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harry potter deathly
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How was Snape killing Dumbledore an act loyalty in Harry Potter and the Deathly Hallows? |

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There are various possible interpretations.

One possibility is that Dumbledore suspected that Draco would be put in such a position, with Lucius's loyalty in question, and due to Snape's closeness with the family, it's possible that Dumbledore asked Snape to watch over him. The Malfoys, with the help of Bellatrix Lestrange, made this a permanent position by asking him to make the Unbreakable Vow. Without question, Snape told Dumbledore about this, and Dumbledore probably requested that Snape maintain Draco's innocence.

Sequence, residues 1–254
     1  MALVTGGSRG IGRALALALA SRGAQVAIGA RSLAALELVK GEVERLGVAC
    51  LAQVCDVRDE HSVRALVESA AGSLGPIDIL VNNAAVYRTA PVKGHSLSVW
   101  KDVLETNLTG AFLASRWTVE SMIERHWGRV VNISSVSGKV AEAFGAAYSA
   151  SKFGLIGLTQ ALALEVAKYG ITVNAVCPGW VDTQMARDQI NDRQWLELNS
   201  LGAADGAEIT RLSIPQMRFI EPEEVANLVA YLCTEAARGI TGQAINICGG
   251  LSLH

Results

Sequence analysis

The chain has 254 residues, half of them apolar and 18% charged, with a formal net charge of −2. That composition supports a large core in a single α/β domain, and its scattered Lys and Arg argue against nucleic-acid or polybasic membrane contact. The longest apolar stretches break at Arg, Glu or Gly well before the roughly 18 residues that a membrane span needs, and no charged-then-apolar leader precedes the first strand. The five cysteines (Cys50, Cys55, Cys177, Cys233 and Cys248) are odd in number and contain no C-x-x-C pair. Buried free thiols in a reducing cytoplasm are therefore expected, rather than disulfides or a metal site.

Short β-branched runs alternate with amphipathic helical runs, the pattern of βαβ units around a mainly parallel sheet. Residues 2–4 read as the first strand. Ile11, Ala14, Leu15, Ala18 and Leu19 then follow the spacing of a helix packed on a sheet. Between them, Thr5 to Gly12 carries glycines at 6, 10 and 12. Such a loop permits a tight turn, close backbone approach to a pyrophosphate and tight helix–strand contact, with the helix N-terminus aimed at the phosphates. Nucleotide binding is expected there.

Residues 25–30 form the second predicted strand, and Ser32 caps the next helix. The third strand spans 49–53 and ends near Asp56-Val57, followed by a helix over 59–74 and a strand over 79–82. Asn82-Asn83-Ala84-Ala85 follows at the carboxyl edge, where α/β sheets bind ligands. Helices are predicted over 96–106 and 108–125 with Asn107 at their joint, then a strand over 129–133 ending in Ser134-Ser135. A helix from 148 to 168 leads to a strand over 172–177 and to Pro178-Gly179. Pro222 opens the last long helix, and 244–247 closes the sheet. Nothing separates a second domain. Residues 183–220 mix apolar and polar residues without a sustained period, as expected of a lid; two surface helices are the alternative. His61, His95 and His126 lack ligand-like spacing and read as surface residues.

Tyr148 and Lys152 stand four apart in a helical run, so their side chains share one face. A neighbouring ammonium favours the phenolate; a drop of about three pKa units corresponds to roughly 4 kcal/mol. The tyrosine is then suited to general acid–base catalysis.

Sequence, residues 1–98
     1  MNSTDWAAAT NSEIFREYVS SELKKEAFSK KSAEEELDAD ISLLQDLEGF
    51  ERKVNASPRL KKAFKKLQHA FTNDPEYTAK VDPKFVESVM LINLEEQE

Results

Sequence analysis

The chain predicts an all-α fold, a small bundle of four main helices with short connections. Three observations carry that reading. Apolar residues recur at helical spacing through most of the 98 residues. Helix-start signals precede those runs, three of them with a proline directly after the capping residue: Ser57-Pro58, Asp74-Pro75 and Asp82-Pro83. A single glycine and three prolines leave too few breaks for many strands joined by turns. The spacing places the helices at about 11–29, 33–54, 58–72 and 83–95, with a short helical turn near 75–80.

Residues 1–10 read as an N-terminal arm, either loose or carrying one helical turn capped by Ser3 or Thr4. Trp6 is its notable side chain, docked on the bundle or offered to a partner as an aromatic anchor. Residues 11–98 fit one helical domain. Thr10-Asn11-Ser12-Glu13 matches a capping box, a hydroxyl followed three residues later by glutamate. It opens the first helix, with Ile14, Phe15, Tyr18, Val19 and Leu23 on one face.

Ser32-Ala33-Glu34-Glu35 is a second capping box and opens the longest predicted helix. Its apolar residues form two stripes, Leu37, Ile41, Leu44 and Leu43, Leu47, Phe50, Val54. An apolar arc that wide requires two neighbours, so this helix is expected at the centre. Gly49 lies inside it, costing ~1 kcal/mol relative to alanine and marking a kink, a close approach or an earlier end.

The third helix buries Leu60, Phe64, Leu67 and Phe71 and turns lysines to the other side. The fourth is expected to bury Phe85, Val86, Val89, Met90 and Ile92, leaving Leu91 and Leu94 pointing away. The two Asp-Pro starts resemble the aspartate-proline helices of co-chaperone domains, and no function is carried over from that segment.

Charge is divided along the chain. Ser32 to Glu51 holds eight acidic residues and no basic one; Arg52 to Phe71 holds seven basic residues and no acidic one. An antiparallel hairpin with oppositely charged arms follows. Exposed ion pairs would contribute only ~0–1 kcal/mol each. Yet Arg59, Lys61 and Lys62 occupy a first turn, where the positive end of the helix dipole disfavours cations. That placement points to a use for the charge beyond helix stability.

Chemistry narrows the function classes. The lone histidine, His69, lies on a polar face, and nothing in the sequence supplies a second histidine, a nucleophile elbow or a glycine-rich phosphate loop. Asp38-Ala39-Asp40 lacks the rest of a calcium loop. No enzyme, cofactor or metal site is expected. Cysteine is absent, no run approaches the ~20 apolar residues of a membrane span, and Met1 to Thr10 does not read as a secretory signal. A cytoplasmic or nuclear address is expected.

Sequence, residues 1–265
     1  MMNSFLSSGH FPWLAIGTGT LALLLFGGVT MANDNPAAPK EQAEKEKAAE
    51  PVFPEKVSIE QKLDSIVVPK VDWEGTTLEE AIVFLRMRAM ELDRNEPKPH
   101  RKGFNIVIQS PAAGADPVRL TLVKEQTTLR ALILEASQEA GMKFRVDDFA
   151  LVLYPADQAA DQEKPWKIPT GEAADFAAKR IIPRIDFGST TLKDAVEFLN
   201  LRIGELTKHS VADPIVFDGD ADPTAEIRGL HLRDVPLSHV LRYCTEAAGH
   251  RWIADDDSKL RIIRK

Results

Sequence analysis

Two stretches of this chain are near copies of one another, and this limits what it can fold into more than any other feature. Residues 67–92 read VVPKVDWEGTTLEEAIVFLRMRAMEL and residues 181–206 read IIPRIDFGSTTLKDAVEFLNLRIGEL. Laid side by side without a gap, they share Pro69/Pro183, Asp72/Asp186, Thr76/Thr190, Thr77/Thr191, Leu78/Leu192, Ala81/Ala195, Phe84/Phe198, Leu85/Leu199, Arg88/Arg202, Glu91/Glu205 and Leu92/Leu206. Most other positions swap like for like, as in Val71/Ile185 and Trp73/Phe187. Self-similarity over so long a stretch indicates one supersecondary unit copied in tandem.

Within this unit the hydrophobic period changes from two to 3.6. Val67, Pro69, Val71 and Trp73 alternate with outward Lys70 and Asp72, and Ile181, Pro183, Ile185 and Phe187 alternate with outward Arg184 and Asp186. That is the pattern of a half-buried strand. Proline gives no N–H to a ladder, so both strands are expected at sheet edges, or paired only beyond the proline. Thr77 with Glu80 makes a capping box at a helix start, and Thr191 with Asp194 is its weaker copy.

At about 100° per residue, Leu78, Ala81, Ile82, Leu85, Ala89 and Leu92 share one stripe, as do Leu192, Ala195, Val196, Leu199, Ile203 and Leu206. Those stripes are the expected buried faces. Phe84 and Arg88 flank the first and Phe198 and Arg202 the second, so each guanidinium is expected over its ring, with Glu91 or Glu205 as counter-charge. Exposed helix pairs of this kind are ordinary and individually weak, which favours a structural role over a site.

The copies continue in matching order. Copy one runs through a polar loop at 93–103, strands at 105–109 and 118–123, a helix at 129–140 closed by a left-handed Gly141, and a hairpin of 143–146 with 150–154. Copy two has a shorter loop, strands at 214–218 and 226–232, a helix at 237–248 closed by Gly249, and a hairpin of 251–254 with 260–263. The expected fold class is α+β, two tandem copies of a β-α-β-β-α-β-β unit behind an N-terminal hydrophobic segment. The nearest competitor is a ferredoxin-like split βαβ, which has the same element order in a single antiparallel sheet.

Alternatively, it's possible that Dumbledore had some inkling about the role Draco would play later--with the wand switching authority and so forth. However, it is more likely that the old wizard was concerned with maintaining Draco's innocence.

In killing Dumbledore, Snape did as was asked of him (as it can be assumed), and his murder was therefore an act of loyalty.

Additionally, outside the interpretation of the story itself, in terms of literary devices, Harry Potter's story is a quest, and in quests, the hero must go it alone at the end. It's why Harry goes to the forest by himself, without Hermione or Ron, and why the majority of the adults who helped him along the way had to die (Sirius, Dumbledore, Mad-Eye, Remus, Tonks, Snape, etc.). In effect, Dumbledore had to die, so Rowling relied on this to develop Snape's plot and provide him a role as a hero.

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